Nearly 30,000 settlers stormed Jerusalem's Al-Aqsa in 2019
According to Azzam Khatib, director of Jerusalem's Waqf department, 29,610 Israeli settlers stormed al-Aqsa Mosque last year with being armed by occupying police forces.
"All signs and data indicate an escalation in the frequency of violations against the blessed Al-Aqsa Mosque and its surroundings during this year through a series of unprecedented trespasses, which constitute an infringement on the historical and legal status of the blessed Al-Aqsa Mosque as an Islamic mosque for Muslims alone under the patronage of King Abdullah II (of Jordan)," he said.
Khatib warned against "attempts by the occupying power to exploit the issue of Al-Aqsa Mosque as a platform to achieve political gains and for electoral propaganda for individuals and groups, who do not understand the dangers of these actions, in their efforts and insistence to agitate the feelings of millions of Muslims around the world".
Jews are barred from praying at the compound under a longstanding arrangement between Israel and the religious organisation. While Jews are permitted to visit, Jewish tradition also maintains that Jews should avoid entering the holy site.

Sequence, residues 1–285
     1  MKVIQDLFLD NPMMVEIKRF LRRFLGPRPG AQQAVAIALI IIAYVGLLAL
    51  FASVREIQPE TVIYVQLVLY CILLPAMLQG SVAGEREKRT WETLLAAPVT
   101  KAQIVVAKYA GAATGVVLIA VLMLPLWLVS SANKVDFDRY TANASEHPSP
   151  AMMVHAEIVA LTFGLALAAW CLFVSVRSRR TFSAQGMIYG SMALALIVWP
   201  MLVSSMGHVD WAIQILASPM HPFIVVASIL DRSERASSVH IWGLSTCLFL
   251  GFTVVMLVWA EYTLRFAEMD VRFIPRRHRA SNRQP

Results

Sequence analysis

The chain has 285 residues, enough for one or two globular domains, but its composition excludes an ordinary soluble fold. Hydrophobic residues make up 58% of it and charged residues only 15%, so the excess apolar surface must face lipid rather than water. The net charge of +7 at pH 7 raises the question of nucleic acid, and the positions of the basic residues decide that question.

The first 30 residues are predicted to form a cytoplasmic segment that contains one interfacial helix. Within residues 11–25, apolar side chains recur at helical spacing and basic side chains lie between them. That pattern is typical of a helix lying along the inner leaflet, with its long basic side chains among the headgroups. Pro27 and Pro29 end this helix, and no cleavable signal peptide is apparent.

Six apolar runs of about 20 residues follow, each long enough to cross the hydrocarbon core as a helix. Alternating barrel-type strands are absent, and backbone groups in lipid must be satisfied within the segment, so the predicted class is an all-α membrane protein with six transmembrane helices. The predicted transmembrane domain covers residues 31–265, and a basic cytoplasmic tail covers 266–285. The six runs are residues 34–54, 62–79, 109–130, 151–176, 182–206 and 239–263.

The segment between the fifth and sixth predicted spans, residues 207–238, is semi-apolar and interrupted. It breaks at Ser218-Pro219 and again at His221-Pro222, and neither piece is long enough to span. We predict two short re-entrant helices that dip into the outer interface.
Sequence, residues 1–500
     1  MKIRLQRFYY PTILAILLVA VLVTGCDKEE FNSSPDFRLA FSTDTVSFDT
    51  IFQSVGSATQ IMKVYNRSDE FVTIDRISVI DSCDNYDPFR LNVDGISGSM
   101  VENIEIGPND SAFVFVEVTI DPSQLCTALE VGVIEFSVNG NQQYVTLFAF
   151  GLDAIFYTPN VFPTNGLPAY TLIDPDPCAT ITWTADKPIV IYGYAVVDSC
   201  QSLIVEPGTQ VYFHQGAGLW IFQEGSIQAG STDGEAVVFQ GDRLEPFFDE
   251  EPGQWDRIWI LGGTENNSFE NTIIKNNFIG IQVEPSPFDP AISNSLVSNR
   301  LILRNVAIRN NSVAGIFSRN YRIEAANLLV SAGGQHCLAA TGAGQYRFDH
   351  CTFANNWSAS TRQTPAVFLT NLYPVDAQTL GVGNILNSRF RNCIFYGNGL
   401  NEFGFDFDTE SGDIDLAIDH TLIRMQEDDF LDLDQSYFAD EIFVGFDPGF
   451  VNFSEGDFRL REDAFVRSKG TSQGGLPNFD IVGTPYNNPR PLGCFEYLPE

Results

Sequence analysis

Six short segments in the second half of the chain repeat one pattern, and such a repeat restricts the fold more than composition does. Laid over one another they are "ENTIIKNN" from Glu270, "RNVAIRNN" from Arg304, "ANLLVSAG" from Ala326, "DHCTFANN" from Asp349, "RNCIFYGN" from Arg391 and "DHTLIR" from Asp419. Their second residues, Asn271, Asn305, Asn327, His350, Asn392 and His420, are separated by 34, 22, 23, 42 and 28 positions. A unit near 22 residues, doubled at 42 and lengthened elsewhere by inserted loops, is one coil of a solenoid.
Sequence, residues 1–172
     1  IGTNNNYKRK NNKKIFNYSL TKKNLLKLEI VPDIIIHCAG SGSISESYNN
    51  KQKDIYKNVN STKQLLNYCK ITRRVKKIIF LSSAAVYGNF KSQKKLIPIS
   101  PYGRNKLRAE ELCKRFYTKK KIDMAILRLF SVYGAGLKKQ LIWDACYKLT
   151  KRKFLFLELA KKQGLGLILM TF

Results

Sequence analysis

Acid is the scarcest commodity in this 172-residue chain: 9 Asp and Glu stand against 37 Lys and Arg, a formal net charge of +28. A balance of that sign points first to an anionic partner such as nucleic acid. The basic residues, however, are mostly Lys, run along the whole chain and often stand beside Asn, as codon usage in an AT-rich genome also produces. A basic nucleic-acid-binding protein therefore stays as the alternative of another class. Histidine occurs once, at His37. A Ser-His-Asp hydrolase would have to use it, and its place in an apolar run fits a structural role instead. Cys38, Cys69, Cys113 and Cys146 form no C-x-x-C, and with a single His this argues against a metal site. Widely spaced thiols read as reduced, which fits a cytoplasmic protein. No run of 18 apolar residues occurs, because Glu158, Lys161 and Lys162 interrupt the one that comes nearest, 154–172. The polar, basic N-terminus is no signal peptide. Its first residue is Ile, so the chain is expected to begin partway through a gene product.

However, the ban on Jewish worship is regularly condemned by some nationalists, including members of Prime Minister Binyamin Netanyhu's right-wing coalition.
Jordan's foreign ministry expressed "the kingdom's strong condemnation" over Erdan's comments, demanding "an immediate end to Israel's violations and all its attempts to change the historic and legal status quo" at the site.
Al-Aqsa mosque is the third holiest place in Islam and a key Palestinian national symbol.
The Temple Mount is also the holiest spot in Judaism, believed to be the site of two biblical-era Jewish temples.
It is located in occupied East Jerusalem, which was illegally annexed by Israel in 1967.